“Camille Henrot: The Restless Earth”
May 7 - June 29 2014
In her work, Henrot (b. 1978 Paris, France; lives and works in New York) analyzes systems of visual information and typologies of objects from a wide array of historical moments. She has produced a number of visual essays in which she follows intuitive research pursuits across disciplines and finds a variety of aesthetic and morphological links between disparate systems of knowledge. Henrot’s practice combines anthropological research with a staggering range of cultural fragments reflective of the current digital age. Her exhibition at the New Museum provides a survey of her recent work.
The title, “The Restless Earth,” is borrowed from a poem by the Martinican writer Édouard Glissant, known for his novels, poems, and writings on colonialism and diversity. The exhibition features four of Henrot’s recent videos including Grosse Fatigue, a standout of the recent Venice Biennale, garnering her the Silver Lion as most promising young artist. The work extends on earlier videos like Coupé/Décalé(2010) and Million Dollar Point (2011), which capture rituals and landscapes that move across history and bridge disparate cultures and geographies. “The Restless Earth” also includes several series of works on paper and a new installation of “Is it possible to be a revolutionary and like flowers?” (2012–14). In this series, Henrot translates books from her library into ikebana arrangements, connecting the languages of literature, anthropology, and philosophy with the equally complex language of flowers. Through translation as well as archival research and the creation of hybrid objects—apparent throughout the artist’s videos, sculptures, and works on paper—Henrot demonstrates how the classification of artifacts and the production of images structure the way we understand the world.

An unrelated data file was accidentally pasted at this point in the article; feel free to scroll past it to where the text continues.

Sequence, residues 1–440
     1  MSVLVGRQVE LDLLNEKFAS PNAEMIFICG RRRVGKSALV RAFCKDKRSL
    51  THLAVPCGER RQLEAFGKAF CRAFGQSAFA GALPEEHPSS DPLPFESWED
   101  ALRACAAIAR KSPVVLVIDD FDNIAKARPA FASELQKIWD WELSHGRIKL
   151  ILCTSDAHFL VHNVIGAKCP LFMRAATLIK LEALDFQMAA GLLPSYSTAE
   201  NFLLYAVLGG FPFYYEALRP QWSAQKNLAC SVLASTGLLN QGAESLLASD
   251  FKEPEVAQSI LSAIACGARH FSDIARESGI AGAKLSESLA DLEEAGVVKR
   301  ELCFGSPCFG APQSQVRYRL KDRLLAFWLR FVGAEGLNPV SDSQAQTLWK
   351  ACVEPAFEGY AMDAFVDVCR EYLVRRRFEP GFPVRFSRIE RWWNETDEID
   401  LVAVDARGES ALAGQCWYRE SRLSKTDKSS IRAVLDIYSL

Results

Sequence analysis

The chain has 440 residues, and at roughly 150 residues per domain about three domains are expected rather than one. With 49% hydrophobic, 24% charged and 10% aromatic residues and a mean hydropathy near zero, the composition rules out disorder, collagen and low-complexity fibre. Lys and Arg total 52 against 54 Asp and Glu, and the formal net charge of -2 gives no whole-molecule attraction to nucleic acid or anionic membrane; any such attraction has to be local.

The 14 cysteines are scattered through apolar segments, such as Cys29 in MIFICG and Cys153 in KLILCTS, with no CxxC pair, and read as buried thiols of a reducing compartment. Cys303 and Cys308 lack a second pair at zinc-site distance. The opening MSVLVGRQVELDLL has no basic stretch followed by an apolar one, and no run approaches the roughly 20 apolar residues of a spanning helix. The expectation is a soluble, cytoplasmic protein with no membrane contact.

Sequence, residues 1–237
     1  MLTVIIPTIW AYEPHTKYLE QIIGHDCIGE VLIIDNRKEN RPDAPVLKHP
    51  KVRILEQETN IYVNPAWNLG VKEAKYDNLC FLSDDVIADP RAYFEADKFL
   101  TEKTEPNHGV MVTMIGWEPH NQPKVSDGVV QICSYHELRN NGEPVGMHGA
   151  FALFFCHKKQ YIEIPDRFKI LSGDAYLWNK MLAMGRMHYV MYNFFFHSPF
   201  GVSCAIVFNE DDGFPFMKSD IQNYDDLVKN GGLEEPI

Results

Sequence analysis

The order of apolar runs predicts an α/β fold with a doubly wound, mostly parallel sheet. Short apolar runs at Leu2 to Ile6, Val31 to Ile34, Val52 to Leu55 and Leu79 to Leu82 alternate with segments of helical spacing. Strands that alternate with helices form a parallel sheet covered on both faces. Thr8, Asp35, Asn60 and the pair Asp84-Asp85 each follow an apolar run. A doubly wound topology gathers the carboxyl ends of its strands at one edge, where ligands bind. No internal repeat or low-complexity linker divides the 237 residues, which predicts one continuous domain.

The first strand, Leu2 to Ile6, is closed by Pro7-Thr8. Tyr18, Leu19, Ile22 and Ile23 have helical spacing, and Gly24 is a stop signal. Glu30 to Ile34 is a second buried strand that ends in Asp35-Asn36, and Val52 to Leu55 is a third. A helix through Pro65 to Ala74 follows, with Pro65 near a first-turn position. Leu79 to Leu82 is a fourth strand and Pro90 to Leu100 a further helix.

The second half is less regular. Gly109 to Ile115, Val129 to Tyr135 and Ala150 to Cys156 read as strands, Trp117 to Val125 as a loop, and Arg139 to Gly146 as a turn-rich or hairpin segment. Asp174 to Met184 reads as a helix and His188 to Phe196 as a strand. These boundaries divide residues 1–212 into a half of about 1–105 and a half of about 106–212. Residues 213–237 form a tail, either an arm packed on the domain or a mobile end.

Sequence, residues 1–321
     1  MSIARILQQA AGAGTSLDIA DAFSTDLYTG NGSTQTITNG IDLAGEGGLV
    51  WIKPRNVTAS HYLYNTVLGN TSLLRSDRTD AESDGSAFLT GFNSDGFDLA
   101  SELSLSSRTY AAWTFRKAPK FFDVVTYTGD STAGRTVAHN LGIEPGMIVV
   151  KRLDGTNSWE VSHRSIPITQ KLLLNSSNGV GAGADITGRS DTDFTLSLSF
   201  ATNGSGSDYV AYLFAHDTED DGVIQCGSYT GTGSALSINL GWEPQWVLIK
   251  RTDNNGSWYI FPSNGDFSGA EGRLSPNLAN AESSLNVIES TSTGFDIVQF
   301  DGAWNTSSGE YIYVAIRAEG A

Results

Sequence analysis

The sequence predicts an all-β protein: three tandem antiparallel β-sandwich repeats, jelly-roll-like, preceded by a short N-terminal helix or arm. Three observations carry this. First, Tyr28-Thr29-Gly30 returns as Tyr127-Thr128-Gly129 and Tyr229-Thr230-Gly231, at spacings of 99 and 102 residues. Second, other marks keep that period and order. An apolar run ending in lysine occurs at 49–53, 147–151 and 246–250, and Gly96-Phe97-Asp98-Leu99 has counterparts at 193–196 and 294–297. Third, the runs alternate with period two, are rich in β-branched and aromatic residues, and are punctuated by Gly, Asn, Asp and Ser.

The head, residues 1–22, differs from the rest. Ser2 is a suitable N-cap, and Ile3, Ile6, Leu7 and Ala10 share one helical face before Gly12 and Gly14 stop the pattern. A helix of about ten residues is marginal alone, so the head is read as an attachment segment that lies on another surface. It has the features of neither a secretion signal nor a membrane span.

Courtesy the artist and New Museum, New York